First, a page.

4) High-Fives

You know you did something right if someone gives you a high five afterward. If that’s not the case, then it means that the person is trying to cheer you up from a job done badly. Either way, it’s fucking awesome. Giving smiles are for the birds. Want to make someone feel really good and make them have a good day? Give them a high five. Give them to your friends, family, pets, strangers, and even enemies.

Next time you see a stranger, give him/her/it a high five. You won’t regret it. The first step is to lock eyes on the other person and raise your hand up. If the person does not reciprocate the hand raise, the next step is to call it out. This could be a many number of phrases, but some of the most common are “High five!”, “Great Job”, and “Hey! Alright!”. The next important step is to launch the hand for high fivery. Now this could become an embarrassing situation if you miss. This past week I have learned the true trick of giving efficient high fives: lock your eyes on the other person’s elbow. This will create a perfect high five every time, guaranteed! Ever since I learned this, I have been practicing the art of it.Before, whenever I was in a socially awkward situation, I would smoke a cigarette. Now dishing out high fives work just as well!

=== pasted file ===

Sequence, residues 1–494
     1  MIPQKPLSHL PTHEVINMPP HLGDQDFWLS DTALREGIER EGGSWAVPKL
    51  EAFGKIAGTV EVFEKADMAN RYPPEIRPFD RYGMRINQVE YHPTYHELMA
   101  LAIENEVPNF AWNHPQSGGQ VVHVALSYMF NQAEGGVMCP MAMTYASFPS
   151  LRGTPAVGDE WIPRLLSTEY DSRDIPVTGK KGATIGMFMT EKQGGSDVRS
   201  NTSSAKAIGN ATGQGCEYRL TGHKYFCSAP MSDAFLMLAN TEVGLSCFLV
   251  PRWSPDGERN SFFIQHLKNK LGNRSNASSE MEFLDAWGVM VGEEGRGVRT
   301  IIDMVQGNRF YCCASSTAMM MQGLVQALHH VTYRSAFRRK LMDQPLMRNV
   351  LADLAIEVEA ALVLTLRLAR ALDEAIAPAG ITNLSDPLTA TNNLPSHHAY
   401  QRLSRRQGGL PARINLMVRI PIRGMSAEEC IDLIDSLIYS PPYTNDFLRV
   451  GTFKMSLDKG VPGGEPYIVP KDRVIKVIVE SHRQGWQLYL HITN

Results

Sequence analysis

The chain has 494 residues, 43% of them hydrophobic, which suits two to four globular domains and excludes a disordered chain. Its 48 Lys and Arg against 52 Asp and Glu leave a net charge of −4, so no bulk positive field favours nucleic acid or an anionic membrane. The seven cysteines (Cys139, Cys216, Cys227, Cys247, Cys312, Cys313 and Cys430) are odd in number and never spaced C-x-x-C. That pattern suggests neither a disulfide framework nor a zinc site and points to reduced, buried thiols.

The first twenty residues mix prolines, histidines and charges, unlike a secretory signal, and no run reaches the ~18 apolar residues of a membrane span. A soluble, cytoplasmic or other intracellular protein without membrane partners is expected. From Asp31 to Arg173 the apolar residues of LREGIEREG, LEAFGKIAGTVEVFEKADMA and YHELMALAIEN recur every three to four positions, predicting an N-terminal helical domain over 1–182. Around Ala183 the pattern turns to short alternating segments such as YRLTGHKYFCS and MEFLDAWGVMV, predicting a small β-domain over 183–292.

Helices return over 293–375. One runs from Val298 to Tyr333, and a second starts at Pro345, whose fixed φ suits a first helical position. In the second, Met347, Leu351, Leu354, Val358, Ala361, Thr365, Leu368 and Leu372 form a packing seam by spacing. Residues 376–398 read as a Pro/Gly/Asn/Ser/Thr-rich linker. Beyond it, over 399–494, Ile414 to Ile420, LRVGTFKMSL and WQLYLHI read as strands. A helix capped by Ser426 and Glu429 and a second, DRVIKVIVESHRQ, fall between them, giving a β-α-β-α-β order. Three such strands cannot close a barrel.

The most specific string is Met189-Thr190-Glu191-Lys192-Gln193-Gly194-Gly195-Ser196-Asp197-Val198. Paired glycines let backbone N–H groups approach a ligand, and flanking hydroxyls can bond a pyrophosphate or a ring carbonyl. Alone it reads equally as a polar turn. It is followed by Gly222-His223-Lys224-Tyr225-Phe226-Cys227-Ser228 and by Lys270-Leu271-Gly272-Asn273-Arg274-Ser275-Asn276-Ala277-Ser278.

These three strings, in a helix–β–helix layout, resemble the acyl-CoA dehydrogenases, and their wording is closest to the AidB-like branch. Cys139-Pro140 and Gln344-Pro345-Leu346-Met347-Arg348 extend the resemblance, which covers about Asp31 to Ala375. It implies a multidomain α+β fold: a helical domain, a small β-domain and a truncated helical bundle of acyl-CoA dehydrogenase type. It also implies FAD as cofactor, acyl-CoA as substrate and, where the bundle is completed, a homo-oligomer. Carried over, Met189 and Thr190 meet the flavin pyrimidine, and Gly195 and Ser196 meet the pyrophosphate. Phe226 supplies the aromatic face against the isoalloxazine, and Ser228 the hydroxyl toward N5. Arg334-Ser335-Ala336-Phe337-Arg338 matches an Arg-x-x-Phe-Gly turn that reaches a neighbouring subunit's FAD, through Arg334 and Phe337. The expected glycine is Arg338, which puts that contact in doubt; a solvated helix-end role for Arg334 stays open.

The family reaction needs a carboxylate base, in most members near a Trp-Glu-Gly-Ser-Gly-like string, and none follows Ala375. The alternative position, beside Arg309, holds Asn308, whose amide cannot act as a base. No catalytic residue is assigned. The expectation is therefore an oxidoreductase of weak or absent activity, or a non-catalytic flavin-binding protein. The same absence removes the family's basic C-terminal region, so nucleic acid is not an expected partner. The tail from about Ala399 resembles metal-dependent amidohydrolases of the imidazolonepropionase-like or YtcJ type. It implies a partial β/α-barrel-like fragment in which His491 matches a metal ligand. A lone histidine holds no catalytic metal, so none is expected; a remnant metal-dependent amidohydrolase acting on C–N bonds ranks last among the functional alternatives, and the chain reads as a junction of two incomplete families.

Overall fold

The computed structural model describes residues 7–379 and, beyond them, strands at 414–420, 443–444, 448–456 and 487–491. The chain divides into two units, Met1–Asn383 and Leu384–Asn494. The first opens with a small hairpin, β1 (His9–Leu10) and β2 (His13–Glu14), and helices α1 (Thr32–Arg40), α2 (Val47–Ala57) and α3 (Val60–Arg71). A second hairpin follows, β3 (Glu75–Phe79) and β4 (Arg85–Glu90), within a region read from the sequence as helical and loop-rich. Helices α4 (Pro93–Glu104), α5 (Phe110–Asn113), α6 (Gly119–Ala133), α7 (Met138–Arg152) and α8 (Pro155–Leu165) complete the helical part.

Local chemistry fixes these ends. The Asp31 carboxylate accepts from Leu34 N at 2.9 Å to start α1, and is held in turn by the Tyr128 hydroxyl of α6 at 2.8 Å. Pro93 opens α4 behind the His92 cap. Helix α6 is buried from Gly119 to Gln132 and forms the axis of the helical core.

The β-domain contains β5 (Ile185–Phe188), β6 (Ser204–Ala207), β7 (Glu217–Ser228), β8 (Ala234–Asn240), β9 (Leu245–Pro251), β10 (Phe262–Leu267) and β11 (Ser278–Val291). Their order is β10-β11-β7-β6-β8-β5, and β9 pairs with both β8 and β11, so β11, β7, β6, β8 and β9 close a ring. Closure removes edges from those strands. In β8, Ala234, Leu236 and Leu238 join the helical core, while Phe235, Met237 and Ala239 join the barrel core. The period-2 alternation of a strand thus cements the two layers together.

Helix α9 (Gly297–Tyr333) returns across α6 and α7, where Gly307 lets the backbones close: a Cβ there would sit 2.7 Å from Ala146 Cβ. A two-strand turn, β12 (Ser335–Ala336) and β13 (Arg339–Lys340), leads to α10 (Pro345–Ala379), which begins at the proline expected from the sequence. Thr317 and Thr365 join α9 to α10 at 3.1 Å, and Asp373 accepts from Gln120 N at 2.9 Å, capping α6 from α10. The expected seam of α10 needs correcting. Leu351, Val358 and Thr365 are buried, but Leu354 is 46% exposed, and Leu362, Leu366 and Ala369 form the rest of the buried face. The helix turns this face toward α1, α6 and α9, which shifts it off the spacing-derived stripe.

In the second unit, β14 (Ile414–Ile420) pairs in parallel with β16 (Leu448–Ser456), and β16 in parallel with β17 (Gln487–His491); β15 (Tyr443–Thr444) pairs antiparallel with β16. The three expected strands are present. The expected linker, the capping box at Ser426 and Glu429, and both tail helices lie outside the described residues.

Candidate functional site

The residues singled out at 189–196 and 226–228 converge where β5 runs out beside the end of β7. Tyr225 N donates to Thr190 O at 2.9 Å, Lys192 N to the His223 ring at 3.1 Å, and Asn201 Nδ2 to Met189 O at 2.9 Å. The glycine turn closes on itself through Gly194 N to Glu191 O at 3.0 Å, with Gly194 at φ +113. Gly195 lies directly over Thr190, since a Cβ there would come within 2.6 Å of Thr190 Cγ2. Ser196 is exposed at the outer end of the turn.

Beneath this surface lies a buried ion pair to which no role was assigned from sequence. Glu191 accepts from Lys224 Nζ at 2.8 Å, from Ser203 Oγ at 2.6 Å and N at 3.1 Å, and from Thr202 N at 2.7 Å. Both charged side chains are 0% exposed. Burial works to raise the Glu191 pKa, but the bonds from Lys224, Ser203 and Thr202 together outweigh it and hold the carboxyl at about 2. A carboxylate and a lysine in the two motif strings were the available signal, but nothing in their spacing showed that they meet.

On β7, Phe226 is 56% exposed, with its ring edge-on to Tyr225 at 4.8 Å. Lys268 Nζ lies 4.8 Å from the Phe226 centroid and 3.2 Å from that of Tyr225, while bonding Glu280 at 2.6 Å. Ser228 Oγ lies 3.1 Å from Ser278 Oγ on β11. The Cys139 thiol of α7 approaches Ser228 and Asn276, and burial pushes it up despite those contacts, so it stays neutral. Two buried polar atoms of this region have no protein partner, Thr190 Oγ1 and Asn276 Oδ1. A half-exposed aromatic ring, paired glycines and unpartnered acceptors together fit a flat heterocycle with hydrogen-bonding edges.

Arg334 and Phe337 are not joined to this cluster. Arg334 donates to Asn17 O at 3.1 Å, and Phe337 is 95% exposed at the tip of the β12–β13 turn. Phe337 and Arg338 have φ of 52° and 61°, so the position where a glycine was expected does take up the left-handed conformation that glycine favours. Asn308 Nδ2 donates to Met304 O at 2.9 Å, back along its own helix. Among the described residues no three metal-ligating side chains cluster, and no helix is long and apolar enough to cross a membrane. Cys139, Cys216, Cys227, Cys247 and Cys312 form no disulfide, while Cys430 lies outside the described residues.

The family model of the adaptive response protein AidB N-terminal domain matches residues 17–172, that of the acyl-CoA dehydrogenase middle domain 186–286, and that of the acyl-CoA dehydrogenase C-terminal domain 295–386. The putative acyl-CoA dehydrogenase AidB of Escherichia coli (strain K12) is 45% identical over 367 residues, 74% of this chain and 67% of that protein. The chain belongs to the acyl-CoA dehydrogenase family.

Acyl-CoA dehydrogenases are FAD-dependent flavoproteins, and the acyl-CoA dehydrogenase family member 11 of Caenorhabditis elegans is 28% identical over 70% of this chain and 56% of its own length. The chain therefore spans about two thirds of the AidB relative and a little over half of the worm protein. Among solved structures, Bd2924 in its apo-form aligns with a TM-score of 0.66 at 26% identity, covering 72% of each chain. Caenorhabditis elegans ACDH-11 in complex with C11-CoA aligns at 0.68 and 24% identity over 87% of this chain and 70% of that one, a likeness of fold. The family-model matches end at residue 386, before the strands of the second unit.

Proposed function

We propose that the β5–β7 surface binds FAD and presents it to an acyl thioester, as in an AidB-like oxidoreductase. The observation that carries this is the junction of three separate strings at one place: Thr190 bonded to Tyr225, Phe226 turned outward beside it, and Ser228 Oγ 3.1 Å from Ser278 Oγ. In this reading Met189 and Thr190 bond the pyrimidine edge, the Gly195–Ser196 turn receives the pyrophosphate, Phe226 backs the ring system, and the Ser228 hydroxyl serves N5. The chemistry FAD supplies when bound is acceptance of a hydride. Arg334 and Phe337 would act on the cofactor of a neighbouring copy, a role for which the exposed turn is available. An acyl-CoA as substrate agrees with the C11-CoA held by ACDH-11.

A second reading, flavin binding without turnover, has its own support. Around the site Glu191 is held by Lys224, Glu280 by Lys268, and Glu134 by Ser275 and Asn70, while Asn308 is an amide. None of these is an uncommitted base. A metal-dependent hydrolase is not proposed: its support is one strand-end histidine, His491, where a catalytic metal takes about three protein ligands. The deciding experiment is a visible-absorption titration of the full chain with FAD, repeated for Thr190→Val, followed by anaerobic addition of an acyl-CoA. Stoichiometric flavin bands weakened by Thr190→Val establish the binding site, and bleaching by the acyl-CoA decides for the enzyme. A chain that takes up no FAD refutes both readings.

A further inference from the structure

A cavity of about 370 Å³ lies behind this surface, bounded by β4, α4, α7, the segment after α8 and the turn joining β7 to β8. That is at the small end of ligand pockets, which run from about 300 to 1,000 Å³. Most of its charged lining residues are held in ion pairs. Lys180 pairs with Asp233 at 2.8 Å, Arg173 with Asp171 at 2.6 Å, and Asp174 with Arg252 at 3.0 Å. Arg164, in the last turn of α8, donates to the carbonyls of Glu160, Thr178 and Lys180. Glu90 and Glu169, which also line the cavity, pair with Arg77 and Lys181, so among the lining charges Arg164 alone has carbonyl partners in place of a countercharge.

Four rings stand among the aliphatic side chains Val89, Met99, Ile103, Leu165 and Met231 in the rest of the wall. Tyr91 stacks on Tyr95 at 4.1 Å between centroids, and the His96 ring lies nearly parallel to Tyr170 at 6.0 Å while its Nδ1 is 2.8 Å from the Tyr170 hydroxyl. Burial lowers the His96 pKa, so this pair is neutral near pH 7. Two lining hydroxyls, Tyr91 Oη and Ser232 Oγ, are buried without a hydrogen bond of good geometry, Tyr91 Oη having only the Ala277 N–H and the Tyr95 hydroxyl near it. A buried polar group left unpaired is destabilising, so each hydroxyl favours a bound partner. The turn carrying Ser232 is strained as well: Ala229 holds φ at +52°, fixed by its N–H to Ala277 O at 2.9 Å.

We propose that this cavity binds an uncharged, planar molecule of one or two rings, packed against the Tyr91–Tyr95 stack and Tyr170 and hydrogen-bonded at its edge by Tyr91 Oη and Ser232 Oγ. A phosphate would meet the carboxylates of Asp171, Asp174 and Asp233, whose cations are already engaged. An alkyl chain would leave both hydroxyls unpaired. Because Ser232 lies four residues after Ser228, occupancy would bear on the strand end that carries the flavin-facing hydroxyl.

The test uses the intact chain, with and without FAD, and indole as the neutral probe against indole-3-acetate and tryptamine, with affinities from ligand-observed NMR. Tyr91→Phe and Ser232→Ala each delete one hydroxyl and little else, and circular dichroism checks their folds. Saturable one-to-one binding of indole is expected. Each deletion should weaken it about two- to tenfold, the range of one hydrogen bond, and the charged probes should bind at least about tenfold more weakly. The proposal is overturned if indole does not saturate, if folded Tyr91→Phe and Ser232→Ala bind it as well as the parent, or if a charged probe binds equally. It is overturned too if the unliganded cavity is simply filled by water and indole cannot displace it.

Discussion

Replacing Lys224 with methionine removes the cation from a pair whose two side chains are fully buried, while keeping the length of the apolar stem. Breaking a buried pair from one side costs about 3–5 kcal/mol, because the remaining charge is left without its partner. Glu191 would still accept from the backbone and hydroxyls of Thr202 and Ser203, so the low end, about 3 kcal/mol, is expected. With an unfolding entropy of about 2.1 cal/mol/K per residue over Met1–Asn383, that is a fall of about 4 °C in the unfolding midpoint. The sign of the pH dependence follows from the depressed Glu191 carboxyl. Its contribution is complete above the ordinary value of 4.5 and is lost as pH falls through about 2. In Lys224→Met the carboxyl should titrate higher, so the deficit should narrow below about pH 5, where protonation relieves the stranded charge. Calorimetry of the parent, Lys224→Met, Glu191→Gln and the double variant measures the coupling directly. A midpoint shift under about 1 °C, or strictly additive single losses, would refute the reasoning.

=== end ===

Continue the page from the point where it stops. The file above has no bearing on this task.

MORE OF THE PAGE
That is, until someone actually leaves you hanging. This is when cigarettes come back into the picture.

3) Skyline Dogs